The new Iranian banknote: President Ahmadinejad's "Many Thousand Rials"

2115 GMT: Political Prisoner Watch. Al Arabiya reports that prominent Arab singer, Ghalib Manabi, and his brother Hassan have been arrested in Ahwaz in southern Iran.

Ghalib Manabi and several members of his family are known for their activism challenging regime programmes allegedly designed to reduce ethnic Arabs to a minority in the region. Members were previously arrested in 2005 during an uprising by ethnic Arabs against a programme requisitioning land from Arabs in Ahwaz, with a government-directed migration of non-Arabs into the region.

Local sources told Al Arabiya that about 60 Arab-speaking activists have been arrested since November 2011.

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Iran Feature: The Regime Isolates the Rafsanjani Family (Alem)

Faezeh HashemiLast week women's rights activist Faezeh Hashemi, the daughter of former President Hashemi Rafsanjani, was sentenced to six months in prison and a five-year ban on political, cultural, and media activities on charges of "spreading propaganda against the ruling system". The next day, the passports of the family of Mehdi Hashemi, Rafsanjani's son, were seized at Imam Khomeini International Airport outside Tehran.

Analyst Yasmin Alem speaks to The Iran Primer of the US Institute of Peace about the apparent campaign against the Rafsanjani family:

Why was Faezeh Rafsanjani charged?

Hashemi is the most politically active of former President Rafsanjani's children. She is a prominent social activist and leading Islamic feminist. A supporter of presidential candidate Mir Hossein Mousavi in the 2009, she participated in a number of opposition rallies after the disputed poll. Ms. Rafsanjani was arrested and briefly detained by security forces on two occasions and barred from travelling abroad.

But her conviction on 2 January 2012 stems from an interview with Rooz Online, an opposition online newspaper. The interview was conducted after she was harassed by plainclothes security agents in April 2011. She told the opposition news website that “thugs and hooligans” were running the country.

She was subsequently accused and convicted of “insulting Islamic Republic officials". She was sentenced to six months in jail and banned from membership in any political organization as well as taking part in online and media activities for the next five years. Hashemi is likely to file an appeal. While she may be able to get her jail sentence overturned, the ban on her political activities is unlikely to be lifted.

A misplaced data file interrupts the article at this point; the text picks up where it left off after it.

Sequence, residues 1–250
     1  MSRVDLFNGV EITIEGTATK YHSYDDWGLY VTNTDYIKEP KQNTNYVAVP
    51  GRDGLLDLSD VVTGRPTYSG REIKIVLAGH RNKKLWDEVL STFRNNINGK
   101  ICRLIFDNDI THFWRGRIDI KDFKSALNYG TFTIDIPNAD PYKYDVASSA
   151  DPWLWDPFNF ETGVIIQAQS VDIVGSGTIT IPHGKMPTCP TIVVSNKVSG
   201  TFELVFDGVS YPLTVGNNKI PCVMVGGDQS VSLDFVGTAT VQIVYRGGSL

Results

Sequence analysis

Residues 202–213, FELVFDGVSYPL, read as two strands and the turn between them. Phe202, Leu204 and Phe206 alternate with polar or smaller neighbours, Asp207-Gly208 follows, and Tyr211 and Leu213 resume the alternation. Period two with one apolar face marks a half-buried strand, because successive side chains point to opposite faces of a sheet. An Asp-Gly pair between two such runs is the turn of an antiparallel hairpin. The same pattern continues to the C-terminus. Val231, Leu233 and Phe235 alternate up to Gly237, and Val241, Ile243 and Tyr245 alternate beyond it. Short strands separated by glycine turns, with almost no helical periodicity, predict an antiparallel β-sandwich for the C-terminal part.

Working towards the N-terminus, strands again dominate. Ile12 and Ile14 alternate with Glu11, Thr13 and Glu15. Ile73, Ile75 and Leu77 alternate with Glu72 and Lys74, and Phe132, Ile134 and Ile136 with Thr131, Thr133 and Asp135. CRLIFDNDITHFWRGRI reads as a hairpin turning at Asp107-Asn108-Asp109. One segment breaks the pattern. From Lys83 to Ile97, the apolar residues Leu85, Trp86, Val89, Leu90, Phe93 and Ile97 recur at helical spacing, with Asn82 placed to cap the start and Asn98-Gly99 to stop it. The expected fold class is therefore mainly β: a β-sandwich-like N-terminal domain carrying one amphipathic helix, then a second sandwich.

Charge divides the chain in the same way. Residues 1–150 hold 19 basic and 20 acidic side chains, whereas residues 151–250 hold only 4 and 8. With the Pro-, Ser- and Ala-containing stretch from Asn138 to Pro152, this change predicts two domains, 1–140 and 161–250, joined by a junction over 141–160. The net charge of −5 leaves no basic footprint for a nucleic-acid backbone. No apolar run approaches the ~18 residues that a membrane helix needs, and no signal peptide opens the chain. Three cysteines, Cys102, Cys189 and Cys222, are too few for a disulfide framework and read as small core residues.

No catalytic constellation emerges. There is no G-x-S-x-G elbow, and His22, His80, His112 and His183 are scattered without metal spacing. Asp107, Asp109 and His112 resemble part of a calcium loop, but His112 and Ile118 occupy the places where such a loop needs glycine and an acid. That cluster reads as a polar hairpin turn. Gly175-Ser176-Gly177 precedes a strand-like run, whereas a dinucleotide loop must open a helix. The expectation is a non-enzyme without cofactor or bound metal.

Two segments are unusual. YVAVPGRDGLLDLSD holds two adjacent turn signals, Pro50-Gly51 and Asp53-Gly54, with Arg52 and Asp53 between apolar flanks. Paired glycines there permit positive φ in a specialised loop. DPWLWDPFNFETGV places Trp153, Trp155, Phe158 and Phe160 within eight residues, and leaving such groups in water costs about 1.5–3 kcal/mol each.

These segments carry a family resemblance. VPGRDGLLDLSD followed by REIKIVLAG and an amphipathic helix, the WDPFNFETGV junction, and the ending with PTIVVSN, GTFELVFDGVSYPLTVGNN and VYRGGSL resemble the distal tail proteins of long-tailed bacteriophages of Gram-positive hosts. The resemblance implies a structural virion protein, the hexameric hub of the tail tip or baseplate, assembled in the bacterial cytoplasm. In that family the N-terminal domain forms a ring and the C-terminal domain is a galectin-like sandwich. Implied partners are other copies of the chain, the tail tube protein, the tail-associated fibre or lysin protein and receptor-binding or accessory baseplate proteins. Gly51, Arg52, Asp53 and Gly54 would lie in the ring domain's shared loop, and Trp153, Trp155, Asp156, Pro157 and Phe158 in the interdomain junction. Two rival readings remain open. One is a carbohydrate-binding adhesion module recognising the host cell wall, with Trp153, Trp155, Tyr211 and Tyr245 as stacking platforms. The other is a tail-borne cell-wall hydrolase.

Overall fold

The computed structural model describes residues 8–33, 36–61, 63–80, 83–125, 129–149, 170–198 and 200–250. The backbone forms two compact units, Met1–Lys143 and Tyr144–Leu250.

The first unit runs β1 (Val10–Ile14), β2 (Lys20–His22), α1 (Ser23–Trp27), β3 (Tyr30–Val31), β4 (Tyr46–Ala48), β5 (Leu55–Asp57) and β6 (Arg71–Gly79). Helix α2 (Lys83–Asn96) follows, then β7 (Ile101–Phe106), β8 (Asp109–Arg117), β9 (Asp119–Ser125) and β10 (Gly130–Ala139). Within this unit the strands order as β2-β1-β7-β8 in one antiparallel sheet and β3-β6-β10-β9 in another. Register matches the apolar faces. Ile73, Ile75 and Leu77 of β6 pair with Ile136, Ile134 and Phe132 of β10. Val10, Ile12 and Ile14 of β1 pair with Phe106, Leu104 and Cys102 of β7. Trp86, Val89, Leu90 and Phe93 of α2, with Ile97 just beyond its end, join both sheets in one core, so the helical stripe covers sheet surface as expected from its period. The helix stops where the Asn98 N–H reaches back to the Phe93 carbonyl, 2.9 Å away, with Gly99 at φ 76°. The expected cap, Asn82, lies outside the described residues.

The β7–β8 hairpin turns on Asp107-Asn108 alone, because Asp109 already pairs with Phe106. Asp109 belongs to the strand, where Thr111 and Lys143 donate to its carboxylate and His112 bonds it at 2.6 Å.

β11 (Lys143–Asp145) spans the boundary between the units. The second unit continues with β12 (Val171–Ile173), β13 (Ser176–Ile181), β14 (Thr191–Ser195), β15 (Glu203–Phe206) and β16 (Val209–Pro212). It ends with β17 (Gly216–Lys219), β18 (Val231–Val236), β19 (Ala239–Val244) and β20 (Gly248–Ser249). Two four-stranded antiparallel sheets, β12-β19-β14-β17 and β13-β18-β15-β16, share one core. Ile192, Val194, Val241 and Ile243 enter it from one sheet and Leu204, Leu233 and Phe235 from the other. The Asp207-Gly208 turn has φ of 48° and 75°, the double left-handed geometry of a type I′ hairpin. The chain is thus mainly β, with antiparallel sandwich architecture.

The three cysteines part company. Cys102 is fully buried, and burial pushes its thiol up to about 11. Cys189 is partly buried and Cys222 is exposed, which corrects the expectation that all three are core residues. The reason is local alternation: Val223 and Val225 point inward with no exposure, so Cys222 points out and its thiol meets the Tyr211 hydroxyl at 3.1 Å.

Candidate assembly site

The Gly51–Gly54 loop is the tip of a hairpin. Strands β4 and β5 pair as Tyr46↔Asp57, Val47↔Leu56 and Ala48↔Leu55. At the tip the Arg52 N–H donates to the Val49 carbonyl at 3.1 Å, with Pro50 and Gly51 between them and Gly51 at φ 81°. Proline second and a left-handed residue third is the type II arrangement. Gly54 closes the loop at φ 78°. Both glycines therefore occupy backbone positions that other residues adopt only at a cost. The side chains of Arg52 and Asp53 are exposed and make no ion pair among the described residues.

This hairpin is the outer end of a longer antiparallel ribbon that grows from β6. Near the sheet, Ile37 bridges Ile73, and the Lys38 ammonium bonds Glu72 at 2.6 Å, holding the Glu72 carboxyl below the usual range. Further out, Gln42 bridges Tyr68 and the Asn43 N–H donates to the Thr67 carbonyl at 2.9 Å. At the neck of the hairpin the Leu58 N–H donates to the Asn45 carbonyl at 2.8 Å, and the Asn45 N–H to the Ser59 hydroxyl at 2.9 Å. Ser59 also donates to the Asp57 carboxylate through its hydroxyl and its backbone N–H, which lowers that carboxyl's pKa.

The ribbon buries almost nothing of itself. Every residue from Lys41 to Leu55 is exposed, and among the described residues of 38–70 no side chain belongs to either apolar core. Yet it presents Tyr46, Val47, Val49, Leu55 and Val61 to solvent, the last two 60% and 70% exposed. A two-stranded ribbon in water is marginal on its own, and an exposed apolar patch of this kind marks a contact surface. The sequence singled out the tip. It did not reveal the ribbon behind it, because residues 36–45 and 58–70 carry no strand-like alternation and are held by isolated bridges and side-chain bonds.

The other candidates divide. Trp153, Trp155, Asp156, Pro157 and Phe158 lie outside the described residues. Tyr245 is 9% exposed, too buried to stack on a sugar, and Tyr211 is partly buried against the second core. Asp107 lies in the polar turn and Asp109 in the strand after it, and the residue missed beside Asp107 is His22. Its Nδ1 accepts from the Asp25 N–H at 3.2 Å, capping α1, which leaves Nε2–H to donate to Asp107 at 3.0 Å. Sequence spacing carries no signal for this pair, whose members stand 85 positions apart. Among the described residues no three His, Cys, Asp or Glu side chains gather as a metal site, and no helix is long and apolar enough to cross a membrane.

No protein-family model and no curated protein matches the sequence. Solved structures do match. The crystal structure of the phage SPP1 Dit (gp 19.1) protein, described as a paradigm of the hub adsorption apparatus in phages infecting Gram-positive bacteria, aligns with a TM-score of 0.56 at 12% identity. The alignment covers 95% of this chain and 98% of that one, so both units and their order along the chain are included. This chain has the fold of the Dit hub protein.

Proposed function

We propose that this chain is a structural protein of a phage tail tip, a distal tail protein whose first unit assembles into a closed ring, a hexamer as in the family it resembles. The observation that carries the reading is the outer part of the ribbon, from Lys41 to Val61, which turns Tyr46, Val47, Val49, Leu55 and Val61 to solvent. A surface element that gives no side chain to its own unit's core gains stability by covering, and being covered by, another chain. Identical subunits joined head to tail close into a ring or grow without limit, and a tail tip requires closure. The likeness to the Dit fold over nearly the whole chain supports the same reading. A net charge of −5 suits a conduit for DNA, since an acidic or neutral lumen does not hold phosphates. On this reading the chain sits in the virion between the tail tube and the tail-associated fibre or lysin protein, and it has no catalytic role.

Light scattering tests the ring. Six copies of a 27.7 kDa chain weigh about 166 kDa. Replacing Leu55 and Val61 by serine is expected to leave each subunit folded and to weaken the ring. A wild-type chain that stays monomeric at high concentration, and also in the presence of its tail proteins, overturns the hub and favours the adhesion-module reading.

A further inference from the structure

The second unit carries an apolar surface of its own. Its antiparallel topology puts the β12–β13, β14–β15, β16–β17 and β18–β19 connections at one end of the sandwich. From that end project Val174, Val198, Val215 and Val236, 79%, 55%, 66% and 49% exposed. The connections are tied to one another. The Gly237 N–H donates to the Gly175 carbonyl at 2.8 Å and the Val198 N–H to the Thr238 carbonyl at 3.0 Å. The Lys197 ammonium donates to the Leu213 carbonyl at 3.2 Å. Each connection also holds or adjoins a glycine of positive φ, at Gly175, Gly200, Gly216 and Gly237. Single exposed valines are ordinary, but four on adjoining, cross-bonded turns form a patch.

Her sentence reflects the longstanding rivalry between two of the Islamic Republic’s founding fathers: former President Rafsanjani and Supreme Leader Ayatollah Ali Khamenei. The two men have jockeyed for the upper hand—and the country’s political direction—since the death of revolutionary leader Ayatollah Khomeini in 1989. Hashemi’s conviction is another way for the supreme leader to pressure his political rival at a time when Rafsanjani is already at the nadir of his power.

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Iran Snap Analysis: Ahmadinejad's Men Strike 1st Blow in the Elections

0545 GMT: This will be a long, complex election process up to March's formal ballot for Parliamentary seats, but it looks like Ahmadinejad supporters can claim a victory in the first skirmish.

On Tuesday, news emerged of the first decisions on who would and would not be allowed to stand among the almost 5400 applicants. The regime spin is that more than 80% made it past the scrutiny of officials of the Ministry of Interior, but the significant story lay in the banning of at least 32 of Iran's 290 MPs.

The banned legislators are from across the political spectrum, but at least nine of them are united in their high-profile criticism of the Ahmadinejad Government. Examples include Ali Motahari, who has led the drive to question and possibly impeach the President; Hamidreza Katouzian, the head of the Energy Committee who has challenged the Government over the economy as well as the energy sector; and Dariush Ghanbari, a leading reformist voice.

Ghanbari's exclusion also raises an interesting dimension in the battle. The blocking of other reformists occurred even though the Supreme Leader's offices, as well as other factions within the establishment, have pressed hard for their participation, both through running for election and through voting on 2 March.

That can lead, I think, to only one conclusion. Those who put the black mark on the high-profile candidates were doing so in support of the President and, to some extent, in defiance of the wishes of the Supreme Leader's advisors.

The decision is far from final. The Guardian Council, the highest-level supervisor of the electoral process, will review all the applicants --- it can re-instate those who have been blocked, and it can ban others. Presuming that the Council is more in line with the wishes of Ayatollah Khamenei, and is not so amenable to Ahmadinejad's inner circle, MPs like Motahari and Ghanbari are likely to be approved.

But that is for later. For now, some people within the Iranian system have tried to make clear that the President is no lame duck and the Supreme Leader does not always get his way.


WikiLeaks and Iran Document: Why US Diplomats Suspected Fraud in 2009 Election

Iran analysts, both Iranian and foreign, have reacted with incredulity to the results of the Iranian presidential election and accused the IRIG of grossly rigging the election and falsifying the resuls. The Iran Regional Presence Office's review of Iran's recent presidential elections and the current election indicate the accusations of fraud have merit.